When the daughter rang her mother in tears stating that she felt she “couldn’t get past a certain depth with Jye”, the mother knew exactly what her daughter was talking about. Because Jye’s girlfriend travelled a lot as part of her job, her parents invited Jye repeatedly to their house for meals, hoping that with their daughter absent, and Jye older and now longer a student, they would finally get to know him.
After some months, it was obvious that this was never going to happen. Also the “relationship” was particularly skewed. Although the young couple had been dating for eight years, and repeated meals were offered and accepted, there was no reciprocity on the part of Jye. He couldn’t even offer to bring something as humble as a takeout for his turn at entertaining, even though he was on an income in excess of $100k per year. It simply didn’t occur to Jye that he was not considered to be part of the family, because he didn’t act as the de facto husband that he actually was. Yet, in therapy, Jye was oblivious to this as being abnormal behavior.
When his girlfriend started suffering from clinical depression and she wanted to talk to him about it, Jye was all for it. But when attempts were made to have “meaningful” discussions, Jye was unable to do so and could not be emotionally present for his partner. She became upset and frustrated. Jye became confused and said he loved her, but then got angry when confronted with the fact that he was unable to share his feelings or even know what it was he was supposed to do. Arguments ensued. Jye tried harder and harder to do the “right thing” and was very helpful to his partner in a practical sense. He would take her shopping, pay for meals, make appointments when she couldn’t. On paper he was doing everything. Except for the one thing that was really important to his partner, the lack of which was making her sicker and sicker. He could not talk in a meaningful way about his feelings, he could not understand her feelings, and he could not change.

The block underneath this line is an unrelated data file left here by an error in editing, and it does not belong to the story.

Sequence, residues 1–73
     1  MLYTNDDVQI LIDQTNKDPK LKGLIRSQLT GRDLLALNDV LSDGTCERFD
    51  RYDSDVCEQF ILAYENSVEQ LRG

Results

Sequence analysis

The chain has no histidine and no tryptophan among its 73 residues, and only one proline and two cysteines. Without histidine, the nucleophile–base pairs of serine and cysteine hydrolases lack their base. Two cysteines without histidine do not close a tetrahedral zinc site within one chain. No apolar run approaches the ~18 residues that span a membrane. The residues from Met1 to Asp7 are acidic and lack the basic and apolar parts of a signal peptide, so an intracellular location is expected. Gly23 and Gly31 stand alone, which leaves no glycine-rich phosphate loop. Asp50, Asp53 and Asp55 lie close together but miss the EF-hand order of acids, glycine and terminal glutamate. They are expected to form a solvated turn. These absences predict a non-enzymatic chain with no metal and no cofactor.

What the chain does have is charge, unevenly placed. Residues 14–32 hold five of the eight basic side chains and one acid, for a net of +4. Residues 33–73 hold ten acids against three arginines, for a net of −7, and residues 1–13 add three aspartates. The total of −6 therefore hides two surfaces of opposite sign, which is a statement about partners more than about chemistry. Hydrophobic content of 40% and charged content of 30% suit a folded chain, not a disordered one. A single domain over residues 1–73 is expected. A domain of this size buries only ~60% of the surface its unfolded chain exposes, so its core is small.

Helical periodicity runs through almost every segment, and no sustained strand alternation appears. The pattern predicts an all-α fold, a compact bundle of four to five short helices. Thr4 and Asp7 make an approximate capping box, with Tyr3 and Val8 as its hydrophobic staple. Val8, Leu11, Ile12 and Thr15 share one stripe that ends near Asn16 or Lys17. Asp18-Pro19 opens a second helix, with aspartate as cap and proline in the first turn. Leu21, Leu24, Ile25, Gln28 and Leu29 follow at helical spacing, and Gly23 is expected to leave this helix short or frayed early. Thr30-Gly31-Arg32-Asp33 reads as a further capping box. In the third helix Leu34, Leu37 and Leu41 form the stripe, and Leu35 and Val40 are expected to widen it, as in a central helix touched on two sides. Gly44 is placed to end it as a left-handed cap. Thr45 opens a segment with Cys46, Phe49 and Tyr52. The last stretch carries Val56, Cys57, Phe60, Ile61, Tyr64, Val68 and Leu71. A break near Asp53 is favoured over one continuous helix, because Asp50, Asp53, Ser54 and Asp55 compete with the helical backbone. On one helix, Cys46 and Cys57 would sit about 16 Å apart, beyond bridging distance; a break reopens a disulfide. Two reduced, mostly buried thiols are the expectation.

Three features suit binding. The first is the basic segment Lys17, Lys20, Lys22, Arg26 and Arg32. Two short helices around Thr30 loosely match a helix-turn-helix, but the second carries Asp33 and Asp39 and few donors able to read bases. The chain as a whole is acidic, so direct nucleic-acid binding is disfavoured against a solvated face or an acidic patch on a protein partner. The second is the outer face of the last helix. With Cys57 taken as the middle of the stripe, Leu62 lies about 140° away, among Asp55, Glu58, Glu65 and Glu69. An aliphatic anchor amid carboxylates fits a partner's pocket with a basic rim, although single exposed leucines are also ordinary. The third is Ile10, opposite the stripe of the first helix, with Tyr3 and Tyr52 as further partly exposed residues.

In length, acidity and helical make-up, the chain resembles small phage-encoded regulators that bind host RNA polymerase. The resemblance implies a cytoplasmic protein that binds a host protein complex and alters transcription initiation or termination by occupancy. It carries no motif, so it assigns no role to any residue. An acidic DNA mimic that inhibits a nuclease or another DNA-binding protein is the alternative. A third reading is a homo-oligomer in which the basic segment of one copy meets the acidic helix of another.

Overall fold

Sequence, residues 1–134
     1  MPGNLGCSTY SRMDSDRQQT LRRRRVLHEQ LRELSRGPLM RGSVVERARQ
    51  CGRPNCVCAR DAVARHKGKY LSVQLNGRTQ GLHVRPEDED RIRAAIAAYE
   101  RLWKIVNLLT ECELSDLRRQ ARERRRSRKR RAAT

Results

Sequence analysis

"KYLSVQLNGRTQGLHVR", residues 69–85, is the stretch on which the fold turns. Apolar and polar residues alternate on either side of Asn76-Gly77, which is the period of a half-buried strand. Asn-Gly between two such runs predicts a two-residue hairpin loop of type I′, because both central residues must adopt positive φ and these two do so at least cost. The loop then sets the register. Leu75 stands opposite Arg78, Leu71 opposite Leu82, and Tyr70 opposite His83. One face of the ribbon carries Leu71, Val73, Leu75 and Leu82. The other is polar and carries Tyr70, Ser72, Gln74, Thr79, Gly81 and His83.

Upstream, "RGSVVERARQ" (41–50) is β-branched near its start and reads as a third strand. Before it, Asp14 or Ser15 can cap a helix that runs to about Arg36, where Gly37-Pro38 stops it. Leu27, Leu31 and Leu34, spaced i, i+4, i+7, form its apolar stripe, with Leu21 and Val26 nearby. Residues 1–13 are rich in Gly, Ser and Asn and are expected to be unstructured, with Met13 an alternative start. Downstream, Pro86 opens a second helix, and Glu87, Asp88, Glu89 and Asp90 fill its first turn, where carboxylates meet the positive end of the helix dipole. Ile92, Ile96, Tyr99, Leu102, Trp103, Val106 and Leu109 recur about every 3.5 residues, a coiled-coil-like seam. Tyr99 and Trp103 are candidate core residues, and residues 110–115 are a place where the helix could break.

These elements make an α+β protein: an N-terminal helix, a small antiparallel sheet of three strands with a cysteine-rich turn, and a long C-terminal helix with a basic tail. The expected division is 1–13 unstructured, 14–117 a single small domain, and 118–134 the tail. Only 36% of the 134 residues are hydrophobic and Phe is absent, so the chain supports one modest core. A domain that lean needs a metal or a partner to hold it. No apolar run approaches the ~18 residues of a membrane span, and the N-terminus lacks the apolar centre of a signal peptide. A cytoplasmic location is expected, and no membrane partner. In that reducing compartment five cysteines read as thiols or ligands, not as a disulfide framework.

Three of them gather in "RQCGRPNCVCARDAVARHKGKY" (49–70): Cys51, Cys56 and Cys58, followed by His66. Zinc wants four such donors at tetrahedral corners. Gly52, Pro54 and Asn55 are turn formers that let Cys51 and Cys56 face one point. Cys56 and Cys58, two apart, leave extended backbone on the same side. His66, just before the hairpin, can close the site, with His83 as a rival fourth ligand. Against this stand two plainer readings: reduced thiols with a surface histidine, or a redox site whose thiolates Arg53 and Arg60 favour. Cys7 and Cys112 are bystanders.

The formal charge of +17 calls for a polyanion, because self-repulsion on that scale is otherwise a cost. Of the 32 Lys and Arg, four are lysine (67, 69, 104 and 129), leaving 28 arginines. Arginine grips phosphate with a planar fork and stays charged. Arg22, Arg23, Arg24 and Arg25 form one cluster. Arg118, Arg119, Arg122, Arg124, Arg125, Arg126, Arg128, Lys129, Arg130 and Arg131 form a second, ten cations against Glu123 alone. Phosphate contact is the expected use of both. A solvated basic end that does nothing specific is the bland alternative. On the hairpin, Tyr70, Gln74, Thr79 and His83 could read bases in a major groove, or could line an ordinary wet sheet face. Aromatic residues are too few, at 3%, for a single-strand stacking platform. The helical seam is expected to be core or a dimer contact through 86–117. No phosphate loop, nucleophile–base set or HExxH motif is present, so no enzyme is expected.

This situation arose and continued for so long without being discovered because, when they were students together, they had a lot in common and had no life stressors. It was a cycle of parties, assignments, exams and more parties. It also became obvious as the relationship progressed that Jye was only comfortable in the presence of many people and could not sustain conversations for more than a minute or so on a one-on-one basis, even with his own friends. There had to be a group present so that he could avoid intimate conversations. Or there had to be a football game on that would take the focus off any hope of a meaningful conversation.
Jye could present company talks in front of groups of 200+, but he could not talk to his loved ones at all about anything real. When his girlfriend’s mother, frustrated from years of trying to interact with her de facto SIL, asked her daughter what Jye’s hobbies were, she said there was really only one – “fantasy league.” It was then that things began to drop into place for the girlfriend.
She realised that her partner had one hobby that he was totally fixated on, but as she was not interested in it, they didn’t talk about it. When she confronted him that they “never talked”, Jye went and bought her flowers. When confronted over this action, he became very angry and said that he paid for all the groceries and then recited off a list of all the things he did for her. On explaining to him that he couldn’t talk about any subject to any person, he looked genuinely perplexed. It was then that Jye’s girlfriend realised that he didn’t understand what she was trying to tell him.
Jye’s job, which involved communicating in meetings and conferences, gave those around him the false impression that he was a good communicator. However, Jye admitted that he knew very little about anyone because he found people to be “boring”. As it is not possible that every person on the planet is boring, it became apparent that Jye had intimacy problems. His father had spent years trying to talk to his son with limited success, because Jye considered his father to be “boring” as well.